Dutch Quirk 42: Be overwhelmingly direct and never beat around the bush

HomeUltimate List of Dutch QuirksDutch Quirk 42: Be overwhelmingly direct and never beat around the bush

While there are many aspects of Dutch culture that may inflict a bit of culture shock on the unknowing international, nothing gives us whiplash quite like that good ol’ Dutch directness.  

Picture this: you’ve brought your Dutch boyfriend home to introduce him to your family. You introduce him to the most important member — the dog.

It’s a whole moment, the family is gathered around to witness the reception. Will he get a sniff of approval? Silence falls. He looks at said (slightly ancient) dog and says: “what will you do when he dies?”

To be fair to him, the dog isn’t shaken by this question — but the family certainly is.

What is it?

Dutch directness is a phenomenon that you will experience when talking with the majority of Dutch people.

You might ask how a person’s day is going, and instead of receiving the standard “good yeah, how are you?” you’ll get an actual honest answer: “Ugh, the kids are annoying me and I slept really bad.”

The Dutch don’t tend to beat around the bush and offer you empty pleasantries. Instead, what you get is simple: their thoughts. Laid out on a plate and presented to you.

Please read this Twitter thread if you’re still unsure of what Dutch directness is. ✋😭👇

Why do they do it?

There are likely a number of reasons behind why your housemate answered a simple “yes” to your question “is my music too loud?”

The first reason may lie in the Netherlands’ ties to Calvinism. As part of this religion, it was important to act as if you had nothing “sinful” to hide.

One cultural hangover that remains because of this attitude is the Dutch tendency to leave their curtains open. This may also be where their “tell it how it is” communication style originates from.

READ MORE | We asked readers about their experiences with the infamous Dutch directness

Others have suggested that another reason behind Dutch directness could be the Netherlands’ view of itself as a liberal and egalitarian society. 👀

It doesn’t matter who you’re talking to, you should be able to say whatever you want to whoever you want — and you know what? Fair.

Why is it quirky? 

It’s probably safe to say that many internationals come from cultures that enjoy a comfortable bush to beat around when they approach a conversation.

@dutchreview It’s so refreshing! #fypシ゚viral #fyp #dutchreview #nederland #netherlands #expat #expatlife #CapCut ♬ original sound – DutchReview

The Dutch chopped down that bush and stomped on it while making direct eye contact — and that’s something that can take some getting used to at first.

Should you join in? 

Let me be direct about this: Yes. Absolutely. Just do it.

We’re not saying you should start unleashing years worth of repressed feelings, but you should certainly allow yourself to try it out a bit more.

READ MORE | Dutch directness: 5 questions you’ll get in the Netherlands (and how to answer them)

Tell your housemate that their music is actually too loud, tell your boss that you also slept like 💩, and perhaps tell your boyfriend that if he disrespects the dog one more time, he’s out.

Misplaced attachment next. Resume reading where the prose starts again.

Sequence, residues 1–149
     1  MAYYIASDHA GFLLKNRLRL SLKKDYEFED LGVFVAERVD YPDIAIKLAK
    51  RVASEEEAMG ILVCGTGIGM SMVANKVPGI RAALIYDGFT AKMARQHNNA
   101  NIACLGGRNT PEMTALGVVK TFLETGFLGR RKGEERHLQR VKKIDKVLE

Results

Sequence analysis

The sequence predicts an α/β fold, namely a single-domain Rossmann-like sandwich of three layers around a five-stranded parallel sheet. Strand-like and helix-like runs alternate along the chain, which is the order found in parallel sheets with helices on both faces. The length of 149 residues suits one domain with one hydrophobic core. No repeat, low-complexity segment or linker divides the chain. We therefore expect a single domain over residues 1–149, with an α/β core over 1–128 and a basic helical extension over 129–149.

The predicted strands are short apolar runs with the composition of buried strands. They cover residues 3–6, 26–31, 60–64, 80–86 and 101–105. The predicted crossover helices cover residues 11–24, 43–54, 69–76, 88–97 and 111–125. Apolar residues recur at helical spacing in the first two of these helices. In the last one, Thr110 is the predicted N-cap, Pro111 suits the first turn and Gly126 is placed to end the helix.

What do you think of this Dutch quirk? Have you experienced it? Tell us in the comments below!

Feature Image:Depositphotos
Sarah O'Leary 🇮🇪
Sarah O'Leary 🇮🇪
Before becoming the Senior Editor of DutchReview, Sarah was a fresh-faced international looking to learn more about the Netherlands. Since moving here in 2017, Sarah has added a BA in English and Philosophy (Hons.), an MA in Literature (Hons.), and over three years of writing experience at DutchReview to her skillset. When Sarah isn't acting as a safety threat to herself and others (cycling), you can find her trying to sound witty while writing about some of the stickier topics such as mortgages and Dutch law.

4 COMMENTS

  1. In many cultures, harmony is valued very much in friendships. In Dutch culture however, honesty is often valued over harmony. Every year, I ask my Dutch students what their response would be if a friend had bought new shoes and asked for their opinion. What if you think those shoes are very ugly? Every time, I see my students clearly struggle with what they should say. They want to be nice to their friend, but they feel that, as a good friend, they HAVE to be honest. So, if you’re met with some Dutch directness, try to cut the person some slack and see it this way: the person cares enough about you to let you know what he really thinks about something.

  2. So hears the thing, we all know where the conversation is going so why waste time beating about the bush. Just get to the crux of it get it out of the way and move on. I don’t usually offer an unsolicited opinion, but If you ask for my opinion be certain you want it because that is exactly what you will get, no holds barred. Yes I am Dutch by birth and a proud “Canadian” by choice.

  3. Dutch directness is very dependent on the province. It might be that in Holland people really are brutally honest and direct, but in other provinces the directness is covered in sarcasm, avoiding to answer or changing to a totally unrelated topic of conversation.
    Sarcasm:
    “How do I look in this blue dress?”
    “Are you posing for a “Save the whales” campaign?”
    Avoiding:
    “How do I look in this blue dress?”
    “They do have the same dress in other colors….”
    Changing topic:
    “How do I look in this blue dress?”
    “Hey, the pants are on sale with a 50% discount!!!”

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